When I decided to create the Underworld I found it difficult to explain how the Isle could be a land of forgotten heroes. Shouldn’t all dead heroes be in the Underworld? Answer: Yes, they should.
I spent another two weeks agonizing over how to fix this error without having to go back and change so much of what I had already written and built. My way out of that corner turned out to be the simplest answer: I went back and looked at Titania and the “rules” of the Isle. I found that, since Titania is such a wicked schemer and so power hungry, that her realm is tied, but the barest thread, to the UnderWorld. Because of that she claims all heroes, no matter if they are human, creature or magical being, that have proven themselves worthy of a “blessed afterlife”.
These examples are only a few I’ve ran into, but each one has helped me learn how to create my book worlds so that they are fantastical and wonderful- but still have a feeling of reality to them.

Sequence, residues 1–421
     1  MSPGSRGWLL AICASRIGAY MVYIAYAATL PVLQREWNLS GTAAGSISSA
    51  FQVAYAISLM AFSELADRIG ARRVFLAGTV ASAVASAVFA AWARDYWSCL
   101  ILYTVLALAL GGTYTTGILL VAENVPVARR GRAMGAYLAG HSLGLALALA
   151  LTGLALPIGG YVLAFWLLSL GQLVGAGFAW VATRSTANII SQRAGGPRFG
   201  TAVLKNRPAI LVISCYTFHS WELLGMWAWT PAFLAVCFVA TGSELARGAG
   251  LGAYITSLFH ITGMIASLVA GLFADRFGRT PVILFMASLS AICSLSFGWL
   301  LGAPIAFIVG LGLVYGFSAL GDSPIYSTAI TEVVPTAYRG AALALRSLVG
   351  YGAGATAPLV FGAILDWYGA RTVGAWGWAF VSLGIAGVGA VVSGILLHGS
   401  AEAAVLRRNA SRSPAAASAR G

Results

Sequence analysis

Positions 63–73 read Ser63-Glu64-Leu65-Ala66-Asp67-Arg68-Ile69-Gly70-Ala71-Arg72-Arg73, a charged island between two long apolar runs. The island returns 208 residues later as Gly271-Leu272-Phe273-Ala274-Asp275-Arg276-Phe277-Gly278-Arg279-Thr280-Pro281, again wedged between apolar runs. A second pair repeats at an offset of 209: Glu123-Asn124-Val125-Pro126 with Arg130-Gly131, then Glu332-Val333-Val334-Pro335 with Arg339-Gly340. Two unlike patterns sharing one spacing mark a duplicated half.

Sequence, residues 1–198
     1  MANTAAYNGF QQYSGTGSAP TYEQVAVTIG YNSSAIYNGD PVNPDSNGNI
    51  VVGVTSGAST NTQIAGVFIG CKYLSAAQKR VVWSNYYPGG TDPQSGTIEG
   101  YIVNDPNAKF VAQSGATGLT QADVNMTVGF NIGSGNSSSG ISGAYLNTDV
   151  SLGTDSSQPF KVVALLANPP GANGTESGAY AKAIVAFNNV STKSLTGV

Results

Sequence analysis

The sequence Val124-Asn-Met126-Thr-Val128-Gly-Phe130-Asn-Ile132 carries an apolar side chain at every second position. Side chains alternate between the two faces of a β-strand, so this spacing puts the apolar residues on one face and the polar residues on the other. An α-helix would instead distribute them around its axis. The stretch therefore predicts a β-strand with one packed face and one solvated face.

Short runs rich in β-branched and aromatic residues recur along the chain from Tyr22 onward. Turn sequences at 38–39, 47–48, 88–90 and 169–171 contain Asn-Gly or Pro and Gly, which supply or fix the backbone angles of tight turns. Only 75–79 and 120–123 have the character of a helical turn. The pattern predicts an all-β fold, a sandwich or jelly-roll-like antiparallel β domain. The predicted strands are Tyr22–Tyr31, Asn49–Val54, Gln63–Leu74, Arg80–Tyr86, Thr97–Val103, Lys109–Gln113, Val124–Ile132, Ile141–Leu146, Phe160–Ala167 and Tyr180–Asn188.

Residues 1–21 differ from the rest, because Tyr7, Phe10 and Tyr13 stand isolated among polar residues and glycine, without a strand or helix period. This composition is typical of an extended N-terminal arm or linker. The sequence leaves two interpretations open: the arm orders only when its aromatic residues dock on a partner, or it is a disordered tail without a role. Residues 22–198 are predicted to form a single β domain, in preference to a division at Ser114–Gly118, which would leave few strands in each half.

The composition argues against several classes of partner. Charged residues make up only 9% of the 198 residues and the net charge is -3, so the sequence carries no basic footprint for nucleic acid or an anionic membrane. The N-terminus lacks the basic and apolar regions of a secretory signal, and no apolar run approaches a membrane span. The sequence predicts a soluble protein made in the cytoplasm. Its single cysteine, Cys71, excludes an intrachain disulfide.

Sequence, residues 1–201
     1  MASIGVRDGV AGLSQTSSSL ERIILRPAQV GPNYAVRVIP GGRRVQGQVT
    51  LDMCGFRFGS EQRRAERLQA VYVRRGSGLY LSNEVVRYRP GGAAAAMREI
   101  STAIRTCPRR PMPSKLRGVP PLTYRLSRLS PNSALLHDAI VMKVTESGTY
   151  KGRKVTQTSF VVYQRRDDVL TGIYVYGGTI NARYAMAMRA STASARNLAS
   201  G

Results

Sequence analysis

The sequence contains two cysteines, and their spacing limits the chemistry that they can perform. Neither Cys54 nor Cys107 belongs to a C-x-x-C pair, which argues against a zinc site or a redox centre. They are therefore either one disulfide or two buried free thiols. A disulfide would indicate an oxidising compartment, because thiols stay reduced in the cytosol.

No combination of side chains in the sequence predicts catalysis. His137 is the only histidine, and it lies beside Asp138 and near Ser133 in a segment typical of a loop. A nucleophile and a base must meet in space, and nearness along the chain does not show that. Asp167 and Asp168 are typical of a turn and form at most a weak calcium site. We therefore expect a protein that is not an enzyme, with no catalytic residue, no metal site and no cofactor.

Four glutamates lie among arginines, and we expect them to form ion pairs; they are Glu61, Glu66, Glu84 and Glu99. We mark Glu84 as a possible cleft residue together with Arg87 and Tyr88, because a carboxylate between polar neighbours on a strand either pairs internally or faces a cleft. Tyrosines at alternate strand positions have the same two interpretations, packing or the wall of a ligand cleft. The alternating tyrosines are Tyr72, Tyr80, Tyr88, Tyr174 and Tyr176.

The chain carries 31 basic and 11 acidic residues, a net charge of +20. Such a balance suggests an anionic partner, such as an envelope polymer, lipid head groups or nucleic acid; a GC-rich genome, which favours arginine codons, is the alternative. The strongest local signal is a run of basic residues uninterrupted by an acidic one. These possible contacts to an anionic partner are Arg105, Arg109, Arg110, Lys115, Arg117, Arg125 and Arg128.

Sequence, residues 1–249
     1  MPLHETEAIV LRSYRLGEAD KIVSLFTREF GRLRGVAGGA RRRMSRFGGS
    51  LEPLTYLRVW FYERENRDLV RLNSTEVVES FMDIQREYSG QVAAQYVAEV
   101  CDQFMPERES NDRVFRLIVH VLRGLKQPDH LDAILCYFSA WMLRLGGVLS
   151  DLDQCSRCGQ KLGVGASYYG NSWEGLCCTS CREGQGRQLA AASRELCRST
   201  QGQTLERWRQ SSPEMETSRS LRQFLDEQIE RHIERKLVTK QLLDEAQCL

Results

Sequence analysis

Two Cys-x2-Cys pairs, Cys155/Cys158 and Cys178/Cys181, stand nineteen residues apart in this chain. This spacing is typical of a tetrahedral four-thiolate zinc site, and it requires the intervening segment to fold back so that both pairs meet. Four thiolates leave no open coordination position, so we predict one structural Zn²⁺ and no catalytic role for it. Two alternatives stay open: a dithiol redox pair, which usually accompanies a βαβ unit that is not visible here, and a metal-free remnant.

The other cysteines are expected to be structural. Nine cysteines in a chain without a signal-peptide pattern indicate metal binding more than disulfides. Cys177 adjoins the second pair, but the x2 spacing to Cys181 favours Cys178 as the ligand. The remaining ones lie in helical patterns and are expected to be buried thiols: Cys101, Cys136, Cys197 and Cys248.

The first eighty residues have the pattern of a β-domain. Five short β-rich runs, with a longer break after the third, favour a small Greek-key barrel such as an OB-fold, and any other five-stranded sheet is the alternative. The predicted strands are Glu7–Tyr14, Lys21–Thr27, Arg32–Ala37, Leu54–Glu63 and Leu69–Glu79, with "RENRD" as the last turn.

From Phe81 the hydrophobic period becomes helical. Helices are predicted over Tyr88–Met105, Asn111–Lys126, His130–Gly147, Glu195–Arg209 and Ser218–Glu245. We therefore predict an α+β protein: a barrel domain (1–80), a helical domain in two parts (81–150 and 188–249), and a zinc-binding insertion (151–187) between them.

One last thing I’d like to say about world building is that while research is so important, it is just as important—if not more so—that your world is the one you want to crate! Fiction is just that, Fiction. Created from imagination and formed to serve its author’s purposes. The realms I chose to build for Legendary have many different stories and recreations to them, same with the Arthurian legends and characters. I took what I know, and learned about the characters and places and made them my own. So no matter how you do that—changing the spelling of a well know character’s name or a place, change things you may not have liked about Avalon or the King Arthur stories—make sure you are staying true to the world and story YOU want to build and tell us about.
L.H. Nicole is a seasoned Pastry Chef in our nation’s capital and a lifelong fairytale (Disney and Grimm) lover, believes in love at first sight, is addicted to 80’s & 90’s cartoons and anything that can capture her ADD-way-to-overactive-imagination. Joan Lowery Nixon and L.J. Smith were the first authors she became addicted to and who inspired her to steal away whenever she could to read and write.